U.S. Chamber Tangles With Obama Over Foreign Influences
The U.S. Chamber of Commerce accused President Barack Obama on Saturday of giving misleading remarks in his latest radio address about possible illegal foreign involvement in the 2010 midterm elections.
In his weekly speech, Obama reiterated his oft-repeated criticisms of the Supreme Court’s Citizens United v. Federal Election Commission ruling, saying the high court’s early 2010 decision to throw out most bans on corporate and union broadcast advertising buys “overturned decades of law and precedent” and “gave the special interests the power to spend without limit — and without public disclosure — to run ads in order to influence elections.”
Now in the electoral home stretch, Obama suggested that many of the television ads bombarding voters in Ohio, Pennsylvania and other battlegrounds might be financed by foreign interests. He said that could have been prevented if Congress had passed the White House-backed DISCLOSE Act, a contentious bill that Republicans and business groups argue benefited labor unions.
“We don’t know who’s behind these ads or who’s paying for them,” Obama said on Saturday. “Even foreign-controlled corporations seeking to influence our democracy are able to spend freely in order to swing an election toward a candidate they prefer.”
In a statement Saturday, the chamber’s top lobbyist, Bruce Josten, defended the recent Supreme Court decision, calling the president’s remarks misleading because bans on direct foreign involvement in elections are already on the books.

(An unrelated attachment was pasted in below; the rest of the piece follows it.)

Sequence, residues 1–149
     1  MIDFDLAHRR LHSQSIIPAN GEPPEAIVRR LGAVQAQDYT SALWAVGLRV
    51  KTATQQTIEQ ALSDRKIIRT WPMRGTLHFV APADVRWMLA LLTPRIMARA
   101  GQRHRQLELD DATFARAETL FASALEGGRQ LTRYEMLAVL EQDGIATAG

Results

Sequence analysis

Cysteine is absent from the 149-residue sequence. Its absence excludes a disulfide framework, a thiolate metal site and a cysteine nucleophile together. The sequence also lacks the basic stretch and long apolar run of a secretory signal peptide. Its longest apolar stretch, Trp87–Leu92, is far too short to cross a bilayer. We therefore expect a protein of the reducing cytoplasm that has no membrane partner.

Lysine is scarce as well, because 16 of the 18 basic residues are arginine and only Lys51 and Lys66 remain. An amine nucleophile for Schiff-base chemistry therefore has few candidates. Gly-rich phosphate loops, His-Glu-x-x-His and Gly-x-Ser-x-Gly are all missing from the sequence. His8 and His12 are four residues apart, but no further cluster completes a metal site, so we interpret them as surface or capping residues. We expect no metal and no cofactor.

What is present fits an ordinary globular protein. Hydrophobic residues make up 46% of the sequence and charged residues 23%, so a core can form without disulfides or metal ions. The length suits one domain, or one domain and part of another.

“It is disappointing to see the Administration continue to claim foreign contributions would be restricted from spending money to influence elections, just as they were before the Supreme Court opened up this loophole.'” Josten said. “The court specifically wrote it was not addressing, or, therefore overturning, the law’s current ban on contributions from foreign nationals. Federal law bans all foreign nationals from contributing either directly or indirectly to any candidate or political party in connection with a federal, state, or local election.'”
Josten also said the DISCLOSE Act “gives special deals and preferential treatment for organized labor” and “is designed to restrict the political speech of business groups and most other advocacy organizations including citizen groups and would require onerous campaign finance disclosure.”
He said, “The Citizens United decision protects the First Amendment rights of organizations across the political spectrum and is a positive for the political process and free enterprise.”